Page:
Facebook is determined to reassure officials that it’s Libra cryptocurrency is above-board. As part of prepared testimony for a July 16th Senate hearing, Calibra head David Marcus has stressed that the social network won’t offer the virtual money until it has “fully addressed” regulators’ concerns and received approval. He also reiterated privacy promises. The Libra Association won’t keep personal data beyond basic transaction info, Marcus said, and Facebook won’t share Calibra wallet info with the rest of the company.
He added that Facebook is treating Libra as a “payment tool, not an investment,” and that it was meant to ease money transfers and interactions. The Association can’t profit from data on the blockchain for ads and other purposes, according to Marcus. He expected Switzerland (a cryptocurrency-friendly country) to be the privacy regulator as the Libra Association is based in Geneva.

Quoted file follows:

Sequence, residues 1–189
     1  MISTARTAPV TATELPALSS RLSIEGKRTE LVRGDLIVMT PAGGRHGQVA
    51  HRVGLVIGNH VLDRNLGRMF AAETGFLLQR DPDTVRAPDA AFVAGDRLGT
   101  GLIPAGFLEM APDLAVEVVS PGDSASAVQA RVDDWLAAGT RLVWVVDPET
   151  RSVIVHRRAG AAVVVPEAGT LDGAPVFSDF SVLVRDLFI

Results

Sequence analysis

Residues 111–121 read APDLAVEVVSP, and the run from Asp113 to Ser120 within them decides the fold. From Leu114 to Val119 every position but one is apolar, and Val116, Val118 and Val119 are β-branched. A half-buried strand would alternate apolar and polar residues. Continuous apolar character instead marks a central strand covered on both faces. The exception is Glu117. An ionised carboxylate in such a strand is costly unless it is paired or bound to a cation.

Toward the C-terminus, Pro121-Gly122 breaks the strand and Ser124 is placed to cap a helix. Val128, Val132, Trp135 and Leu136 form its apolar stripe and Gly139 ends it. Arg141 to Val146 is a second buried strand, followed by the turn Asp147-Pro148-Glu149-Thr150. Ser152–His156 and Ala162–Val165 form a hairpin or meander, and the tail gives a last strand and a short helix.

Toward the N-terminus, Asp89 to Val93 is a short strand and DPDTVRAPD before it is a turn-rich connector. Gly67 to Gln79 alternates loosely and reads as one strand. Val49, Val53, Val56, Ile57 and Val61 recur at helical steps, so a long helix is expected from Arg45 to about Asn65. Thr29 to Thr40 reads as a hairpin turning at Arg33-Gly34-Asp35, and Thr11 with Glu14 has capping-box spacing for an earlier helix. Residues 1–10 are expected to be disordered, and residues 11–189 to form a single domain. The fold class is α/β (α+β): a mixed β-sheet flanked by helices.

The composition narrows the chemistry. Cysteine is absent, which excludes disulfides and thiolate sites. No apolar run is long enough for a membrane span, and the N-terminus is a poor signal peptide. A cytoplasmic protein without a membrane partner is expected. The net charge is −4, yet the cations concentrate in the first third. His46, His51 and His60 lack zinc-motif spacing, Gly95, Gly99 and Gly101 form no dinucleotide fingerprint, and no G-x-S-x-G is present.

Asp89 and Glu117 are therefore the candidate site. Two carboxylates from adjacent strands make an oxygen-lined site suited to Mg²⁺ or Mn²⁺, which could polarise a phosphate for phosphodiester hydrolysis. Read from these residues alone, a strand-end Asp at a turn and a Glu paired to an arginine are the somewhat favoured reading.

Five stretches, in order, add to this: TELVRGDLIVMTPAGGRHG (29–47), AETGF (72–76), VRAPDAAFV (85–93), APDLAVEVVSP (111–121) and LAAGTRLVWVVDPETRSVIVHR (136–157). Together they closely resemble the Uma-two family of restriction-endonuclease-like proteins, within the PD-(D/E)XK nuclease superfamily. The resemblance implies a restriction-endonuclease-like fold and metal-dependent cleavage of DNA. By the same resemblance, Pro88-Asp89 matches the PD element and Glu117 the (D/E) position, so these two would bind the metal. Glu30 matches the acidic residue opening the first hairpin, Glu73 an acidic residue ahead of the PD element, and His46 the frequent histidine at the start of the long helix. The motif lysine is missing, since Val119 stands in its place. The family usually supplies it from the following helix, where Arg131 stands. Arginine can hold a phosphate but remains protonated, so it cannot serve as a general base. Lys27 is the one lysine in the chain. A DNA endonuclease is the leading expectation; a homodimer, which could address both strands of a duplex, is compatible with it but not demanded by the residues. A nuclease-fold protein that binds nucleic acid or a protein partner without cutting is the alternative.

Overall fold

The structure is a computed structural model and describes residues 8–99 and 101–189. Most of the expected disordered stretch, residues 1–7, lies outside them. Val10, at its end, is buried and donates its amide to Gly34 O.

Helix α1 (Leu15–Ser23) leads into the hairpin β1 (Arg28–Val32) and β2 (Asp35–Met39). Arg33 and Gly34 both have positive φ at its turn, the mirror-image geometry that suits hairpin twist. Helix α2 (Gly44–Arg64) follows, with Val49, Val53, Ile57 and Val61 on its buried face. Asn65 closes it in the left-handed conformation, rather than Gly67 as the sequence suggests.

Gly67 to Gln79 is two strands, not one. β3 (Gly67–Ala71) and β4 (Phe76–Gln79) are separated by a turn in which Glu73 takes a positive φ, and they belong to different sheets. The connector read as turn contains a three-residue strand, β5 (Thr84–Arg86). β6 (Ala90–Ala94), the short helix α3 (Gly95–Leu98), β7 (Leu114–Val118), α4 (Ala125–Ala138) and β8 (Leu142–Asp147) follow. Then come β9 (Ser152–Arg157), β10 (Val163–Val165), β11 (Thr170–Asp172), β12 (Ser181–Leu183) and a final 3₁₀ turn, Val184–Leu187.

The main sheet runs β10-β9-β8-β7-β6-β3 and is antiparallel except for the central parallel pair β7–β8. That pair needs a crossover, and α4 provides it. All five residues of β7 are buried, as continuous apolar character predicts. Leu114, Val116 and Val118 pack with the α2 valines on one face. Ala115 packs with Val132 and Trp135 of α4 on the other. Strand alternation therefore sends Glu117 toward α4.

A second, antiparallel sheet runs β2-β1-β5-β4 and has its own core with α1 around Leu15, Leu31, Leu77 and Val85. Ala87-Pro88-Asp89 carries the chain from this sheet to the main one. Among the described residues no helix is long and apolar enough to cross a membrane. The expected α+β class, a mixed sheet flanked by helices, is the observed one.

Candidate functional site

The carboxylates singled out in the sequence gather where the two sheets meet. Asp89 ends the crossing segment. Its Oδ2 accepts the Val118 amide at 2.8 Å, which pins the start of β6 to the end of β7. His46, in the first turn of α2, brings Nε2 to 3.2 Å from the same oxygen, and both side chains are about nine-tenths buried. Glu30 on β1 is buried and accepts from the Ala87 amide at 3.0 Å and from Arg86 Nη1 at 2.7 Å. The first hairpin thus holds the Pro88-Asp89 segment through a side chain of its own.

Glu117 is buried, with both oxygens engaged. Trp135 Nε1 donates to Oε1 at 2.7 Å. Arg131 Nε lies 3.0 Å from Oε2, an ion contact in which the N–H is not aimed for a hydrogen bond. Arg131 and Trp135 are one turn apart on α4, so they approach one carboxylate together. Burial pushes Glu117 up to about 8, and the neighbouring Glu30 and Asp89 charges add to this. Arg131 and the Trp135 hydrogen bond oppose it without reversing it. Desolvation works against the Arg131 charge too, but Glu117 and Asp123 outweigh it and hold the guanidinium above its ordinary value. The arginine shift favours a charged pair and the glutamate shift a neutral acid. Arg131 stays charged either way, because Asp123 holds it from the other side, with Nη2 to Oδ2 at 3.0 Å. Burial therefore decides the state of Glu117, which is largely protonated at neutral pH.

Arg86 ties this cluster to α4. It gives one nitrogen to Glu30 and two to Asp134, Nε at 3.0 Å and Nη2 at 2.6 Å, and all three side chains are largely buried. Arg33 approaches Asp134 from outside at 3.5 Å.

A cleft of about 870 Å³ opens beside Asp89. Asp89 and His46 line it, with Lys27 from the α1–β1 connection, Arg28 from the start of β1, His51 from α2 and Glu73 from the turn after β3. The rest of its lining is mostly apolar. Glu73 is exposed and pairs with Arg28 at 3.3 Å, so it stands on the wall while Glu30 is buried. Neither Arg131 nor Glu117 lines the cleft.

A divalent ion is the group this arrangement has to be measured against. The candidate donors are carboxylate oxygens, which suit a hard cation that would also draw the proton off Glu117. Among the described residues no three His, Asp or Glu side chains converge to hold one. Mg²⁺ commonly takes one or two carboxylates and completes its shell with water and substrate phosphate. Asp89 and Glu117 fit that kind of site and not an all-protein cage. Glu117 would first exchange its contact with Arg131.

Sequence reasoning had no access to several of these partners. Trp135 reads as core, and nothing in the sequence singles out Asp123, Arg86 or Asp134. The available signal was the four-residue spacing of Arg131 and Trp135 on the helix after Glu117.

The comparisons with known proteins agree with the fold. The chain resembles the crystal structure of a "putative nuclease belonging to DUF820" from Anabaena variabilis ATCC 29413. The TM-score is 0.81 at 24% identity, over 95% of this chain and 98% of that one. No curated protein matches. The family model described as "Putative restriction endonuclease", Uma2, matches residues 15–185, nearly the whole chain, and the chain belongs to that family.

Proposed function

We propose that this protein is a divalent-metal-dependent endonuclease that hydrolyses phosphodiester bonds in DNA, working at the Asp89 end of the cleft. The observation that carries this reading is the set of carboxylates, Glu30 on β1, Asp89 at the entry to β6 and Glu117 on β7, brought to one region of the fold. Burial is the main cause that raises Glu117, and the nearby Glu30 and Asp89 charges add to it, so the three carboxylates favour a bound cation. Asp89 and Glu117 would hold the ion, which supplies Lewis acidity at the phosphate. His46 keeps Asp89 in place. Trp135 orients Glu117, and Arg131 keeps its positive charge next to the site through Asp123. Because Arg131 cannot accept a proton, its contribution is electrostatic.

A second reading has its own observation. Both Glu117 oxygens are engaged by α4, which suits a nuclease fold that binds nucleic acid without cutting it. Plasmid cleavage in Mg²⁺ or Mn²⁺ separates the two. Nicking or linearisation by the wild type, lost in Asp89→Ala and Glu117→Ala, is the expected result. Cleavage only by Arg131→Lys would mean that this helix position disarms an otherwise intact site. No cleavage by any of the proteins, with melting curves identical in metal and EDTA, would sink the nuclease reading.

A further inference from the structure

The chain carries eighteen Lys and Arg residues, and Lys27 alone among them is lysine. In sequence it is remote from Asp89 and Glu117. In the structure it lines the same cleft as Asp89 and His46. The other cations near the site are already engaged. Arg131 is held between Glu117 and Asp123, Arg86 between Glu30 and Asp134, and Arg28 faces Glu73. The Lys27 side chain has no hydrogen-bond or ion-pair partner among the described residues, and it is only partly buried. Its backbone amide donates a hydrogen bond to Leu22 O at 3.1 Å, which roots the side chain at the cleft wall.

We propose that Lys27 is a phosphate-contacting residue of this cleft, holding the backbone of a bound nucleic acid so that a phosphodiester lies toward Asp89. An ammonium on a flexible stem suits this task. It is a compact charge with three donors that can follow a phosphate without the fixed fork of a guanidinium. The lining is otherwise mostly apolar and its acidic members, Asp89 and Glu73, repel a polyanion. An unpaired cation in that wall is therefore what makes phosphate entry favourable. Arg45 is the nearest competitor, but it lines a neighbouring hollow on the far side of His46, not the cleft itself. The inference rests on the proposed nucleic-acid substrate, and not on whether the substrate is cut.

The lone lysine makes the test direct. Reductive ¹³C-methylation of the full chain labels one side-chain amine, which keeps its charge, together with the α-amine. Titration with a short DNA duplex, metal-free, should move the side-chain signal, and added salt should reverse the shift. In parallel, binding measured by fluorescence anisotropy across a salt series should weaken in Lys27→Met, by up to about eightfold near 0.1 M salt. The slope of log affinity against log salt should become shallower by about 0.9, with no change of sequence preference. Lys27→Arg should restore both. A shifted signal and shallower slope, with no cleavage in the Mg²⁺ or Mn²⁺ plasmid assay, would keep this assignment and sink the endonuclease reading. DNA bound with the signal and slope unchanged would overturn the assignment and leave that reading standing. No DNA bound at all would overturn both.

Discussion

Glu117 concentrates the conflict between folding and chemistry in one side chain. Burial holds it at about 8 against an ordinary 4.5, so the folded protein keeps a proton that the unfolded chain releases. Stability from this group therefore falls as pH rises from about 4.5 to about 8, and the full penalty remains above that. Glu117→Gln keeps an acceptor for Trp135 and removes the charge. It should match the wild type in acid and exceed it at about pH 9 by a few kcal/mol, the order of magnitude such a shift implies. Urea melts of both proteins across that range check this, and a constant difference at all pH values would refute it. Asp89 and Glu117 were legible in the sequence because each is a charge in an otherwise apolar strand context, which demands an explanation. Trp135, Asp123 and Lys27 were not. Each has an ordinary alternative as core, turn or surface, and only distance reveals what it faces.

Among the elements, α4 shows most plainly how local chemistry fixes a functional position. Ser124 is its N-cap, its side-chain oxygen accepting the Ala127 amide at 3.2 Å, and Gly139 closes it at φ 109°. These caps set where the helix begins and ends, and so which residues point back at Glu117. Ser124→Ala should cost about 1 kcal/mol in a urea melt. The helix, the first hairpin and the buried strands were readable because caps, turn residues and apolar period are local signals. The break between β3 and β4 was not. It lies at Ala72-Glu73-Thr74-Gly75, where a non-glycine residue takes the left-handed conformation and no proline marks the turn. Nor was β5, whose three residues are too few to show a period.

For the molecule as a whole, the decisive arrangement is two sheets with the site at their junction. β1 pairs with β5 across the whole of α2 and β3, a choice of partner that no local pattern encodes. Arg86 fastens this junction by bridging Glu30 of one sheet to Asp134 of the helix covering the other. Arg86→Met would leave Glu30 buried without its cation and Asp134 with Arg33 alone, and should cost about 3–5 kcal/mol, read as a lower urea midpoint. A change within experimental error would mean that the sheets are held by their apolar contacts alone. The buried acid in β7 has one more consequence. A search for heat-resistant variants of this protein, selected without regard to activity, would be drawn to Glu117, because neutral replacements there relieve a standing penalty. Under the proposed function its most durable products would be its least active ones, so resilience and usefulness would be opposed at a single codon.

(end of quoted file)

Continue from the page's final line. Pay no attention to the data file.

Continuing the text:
There’s no guarantee that Marcus’ testimony will satisfy the Senate. Politicians were already calling on Facebook to halt the launch entirely until their concerns were addressed, and leaders (including Donald Trump) aren’t fans of the cryptocurrency in the first place. Facebook may have to accept a long wait before it’s cleared to bring Libra to market, assuming it isn’t rejected before then.